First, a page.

Having a baby isn’t the easiest of rides – even from the struggles of trying to conceive through to delivery. No one said it was going to be easy (although if you’ve had an easy ride of both falling pregnant through to the birth of your healthy little bundles then COUNT YOURSELF VERY FORTUNATE!).
However, I have always believed that what we can do to help ourselves along the way really does count. In recent times I’ve got to know Sarah Farren, a registered dietician for the NHS and also founder of Esca Nutrition & Dietetics, offering simple, evidence based dietary advice for a variety of concerns and individual needs.
Sarah offers private appointments with home visits and she also runs group workshops too. Pregnancy is a popular subject she is requested for, from pre-conception and fertility diets and what to eat during pregnancy too and here she shares her insight in to why yours (and your partners) food intake is important for when trying for a baby…
It appears there is a huge lack of understanding and awareness about the importance of pre-conception and fertility diet. Why is that, do you think?
In all areas of nutrition it is hard to do research due to ethical reasons and this is even more so with pregnancy and babies. So often people don’t consider the research that is done as worthwhile or surprisingly, that it isn’t really important or a factor during conception or pregnancy. I am not quite sure why that is, as food nourishes your body, providing it with all the strength and building blocks to create this new life! However it is coming more to the fore front, but I feel that is because the women themselves are becoming more aware and making this happen.
How can diet affect conception, fertility treatment, pregnancy etc?
To help explain this you must remember that what you eat, your body needs and uses in all of its processes from its day to day running, to growth and repair, to producing your reproductive cells. We all know food fuels our body, giving us the energy to get on with our life, but it also provides the molecules that are used in the reactions happening in our body all day everyday. A good diet isn’t just about making you ‘healthier’ to help with conception and pregnancy but is vital to provide all of the components that are used in the process as well. For example, folate is used in DNA synthesis and zinc in sperm production and motility. Then to further expand that thought, the placental and fetal growth is most susceptible to a mother’s nutritional status during the first few weeks of pregnancy, when most women don’t actually know they are pregnant! With emerging evidence suggesting that the mother’s diet can alter foetal physiology and impact the child’s health for the rest of their life! So you can see the impact food can have. That’s before you even consider that it can also help to reduce health issues during the pregnancy such as gestational diabetes.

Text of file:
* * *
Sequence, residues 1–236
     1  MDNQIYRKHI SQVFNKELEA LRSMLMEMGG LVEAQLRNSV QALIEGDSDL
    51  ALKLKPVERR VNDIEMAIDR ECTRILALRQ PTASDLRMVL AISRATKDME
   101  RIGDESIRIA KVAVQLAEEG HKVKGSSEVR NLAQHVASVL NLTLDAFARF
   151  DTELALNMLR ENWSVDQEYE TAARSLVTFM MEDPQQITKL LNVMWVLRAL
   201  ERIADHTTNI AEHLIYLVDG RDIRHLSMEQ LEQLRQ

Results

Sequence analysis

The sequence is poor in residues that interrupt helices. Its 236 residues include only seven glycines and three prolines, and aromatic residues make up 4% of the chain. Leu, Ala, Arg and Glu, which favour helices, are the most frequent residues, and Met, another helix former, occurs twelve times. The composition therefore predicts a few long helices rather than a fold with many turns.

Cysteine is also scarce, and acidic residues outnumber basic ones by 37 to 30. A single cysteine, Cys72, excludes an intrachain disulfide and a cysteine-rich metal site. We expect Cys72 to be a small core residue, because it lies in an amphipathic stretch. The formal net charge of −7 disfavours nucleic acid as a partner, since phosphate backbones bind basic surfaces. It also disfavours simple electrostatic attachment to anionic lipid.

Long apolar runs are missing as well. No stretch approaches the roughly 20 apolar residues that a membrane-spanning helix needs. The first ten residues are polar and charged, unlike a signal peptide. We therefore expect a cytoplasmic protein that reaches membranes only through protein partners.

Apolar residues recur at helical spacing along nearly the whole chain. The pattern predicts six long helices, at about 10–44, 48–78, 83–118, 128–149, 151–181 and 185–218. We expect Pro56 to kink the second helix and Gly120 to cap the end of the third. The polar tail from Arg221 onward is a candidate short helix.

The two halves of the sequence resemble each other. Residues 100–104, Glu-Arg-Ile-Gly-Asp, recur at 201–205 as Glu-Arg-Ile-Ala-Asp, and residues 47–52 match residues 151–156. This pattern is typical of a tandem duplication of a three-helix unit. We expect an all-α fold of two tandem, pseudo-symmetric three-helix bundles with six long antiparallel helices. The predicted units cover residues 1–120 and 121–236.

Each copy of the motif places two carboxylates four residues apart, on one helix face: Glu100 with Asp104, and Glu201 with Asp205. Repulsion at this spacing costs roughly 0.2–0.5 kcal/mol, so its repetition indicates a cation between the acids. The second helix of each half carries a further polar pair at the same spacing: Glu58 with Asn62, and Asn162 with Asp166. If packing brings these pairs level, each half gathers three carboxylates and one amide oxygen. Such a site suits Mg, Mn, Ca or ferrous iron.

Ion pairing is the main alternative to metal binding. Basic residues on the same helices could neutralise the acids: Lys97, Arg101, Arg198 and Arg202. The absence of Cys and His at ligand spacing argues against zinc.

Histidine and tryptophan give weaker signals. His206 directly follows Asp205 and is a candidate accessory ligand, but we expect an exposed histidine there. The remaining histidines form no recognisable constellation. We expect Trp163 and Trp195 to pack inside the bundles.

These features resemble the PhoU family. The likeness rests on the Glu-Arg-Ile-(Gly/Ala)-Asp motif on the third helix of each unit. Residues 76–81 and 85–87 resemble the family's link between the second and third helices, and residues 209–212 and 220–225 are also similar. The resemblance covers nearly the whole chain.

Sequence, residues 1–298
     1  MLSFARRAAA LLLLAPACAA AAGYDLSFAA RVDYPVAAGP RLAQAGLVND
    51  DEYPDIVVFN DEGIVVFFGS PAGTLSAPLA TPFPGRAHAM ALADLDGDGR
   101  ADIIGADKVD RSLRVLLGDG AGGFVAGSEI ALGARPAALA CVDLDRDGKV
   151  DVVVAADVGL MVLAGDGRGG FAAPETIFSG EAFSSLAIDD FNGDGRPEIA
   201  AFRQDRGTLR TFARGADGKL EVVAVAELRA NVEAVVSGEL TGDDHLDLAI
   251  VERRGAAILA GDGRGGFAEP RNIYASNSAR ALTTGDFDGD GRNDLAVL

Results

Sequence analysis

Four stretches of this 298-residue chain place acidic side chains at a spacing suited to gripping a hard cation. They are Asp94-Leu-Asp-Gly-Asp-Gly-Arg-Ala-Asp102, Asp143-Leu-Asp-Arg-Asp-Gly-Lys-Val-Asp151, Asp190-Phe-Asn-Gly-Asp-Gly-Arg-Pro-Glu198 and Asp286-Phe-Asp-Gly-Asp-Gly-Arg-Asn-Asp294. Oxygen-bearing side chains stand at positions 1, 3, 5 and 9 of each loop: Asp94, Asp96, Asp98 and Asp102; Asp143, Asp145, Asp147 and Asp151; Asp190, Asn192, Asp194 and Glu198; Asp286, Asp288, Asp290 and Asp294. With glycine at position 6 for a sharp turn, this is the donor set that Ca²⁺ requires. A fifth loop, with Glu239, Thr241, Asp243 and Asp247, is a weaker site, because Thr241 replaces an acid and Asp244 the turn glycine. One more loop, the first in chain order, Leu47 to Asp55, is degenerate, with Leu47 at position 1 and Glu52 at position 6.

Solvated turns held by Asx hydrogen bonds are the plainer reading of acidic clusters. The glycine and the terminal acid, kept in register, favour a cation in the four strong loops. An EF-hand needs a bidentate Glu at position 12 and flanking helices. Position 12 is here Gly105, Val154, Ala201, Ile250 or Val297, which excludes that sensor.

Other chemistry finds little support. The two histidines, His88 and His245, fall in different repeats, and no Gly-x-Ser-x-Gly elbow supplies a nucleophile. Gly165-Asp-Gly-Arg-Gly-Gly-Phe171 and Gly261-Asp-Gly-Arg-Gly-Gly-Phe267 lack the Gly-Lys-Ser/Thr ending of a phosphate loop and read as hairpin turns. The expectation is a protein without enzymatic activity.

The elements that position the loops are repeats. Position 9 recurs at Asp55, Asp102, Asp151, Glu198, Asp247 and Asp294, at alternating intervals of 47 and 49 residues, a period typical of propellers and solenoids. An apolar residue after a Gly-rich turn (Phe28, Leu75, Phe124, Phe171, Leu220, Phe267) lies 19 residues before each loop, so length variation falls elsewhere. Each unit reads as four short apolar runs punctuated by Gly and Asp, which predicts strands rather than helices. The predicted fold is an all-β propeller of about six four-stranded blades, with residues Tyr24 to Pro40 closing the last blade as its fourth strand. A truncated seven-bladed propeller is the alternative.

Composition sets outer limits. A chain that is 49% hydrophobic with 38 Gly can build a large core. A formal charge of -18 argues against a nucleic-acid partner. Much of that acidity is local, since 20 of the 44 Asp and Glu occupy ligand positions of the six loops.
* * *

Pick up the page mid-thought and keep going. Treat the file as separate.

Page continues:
There is a lot of heresay and talk about lifestyle, caffeine, diet, alcohol all having negative effect on couples trying to conceive – how is this so?
Lifestyle choices always impact your health and your body, whether in a positive or negative way. This is not new, so of course it’s going to affect the ability of conceiving in the same way. For example smoking can cause cell damage and increase free radicals in the body which cause damage to cells, DNA etc. Diet can help, including foods that have antioxidants in them that can reduce the free radicals and protect cells including sperm, but it won’t prevent all of the damage.
Should both partners follow certain diets, or do men have to follow alternative diets and why. What could couples or individuals see a nutritionist when planning a family?
It’s important for both potential parents to consider their lifestyle choices including diet while trying to conceive, as the health of both partners impacts the ability to conceive as previously discussed. A good, general healthy lifestyle and diet maybe sufficient for conceiving, it’s true that people who don’t follow a healthy lifestyle can still conceive, but it doesn’t mean that they shouldn’t follow a healthier lifestyle for them and the baby, but that is their own choice.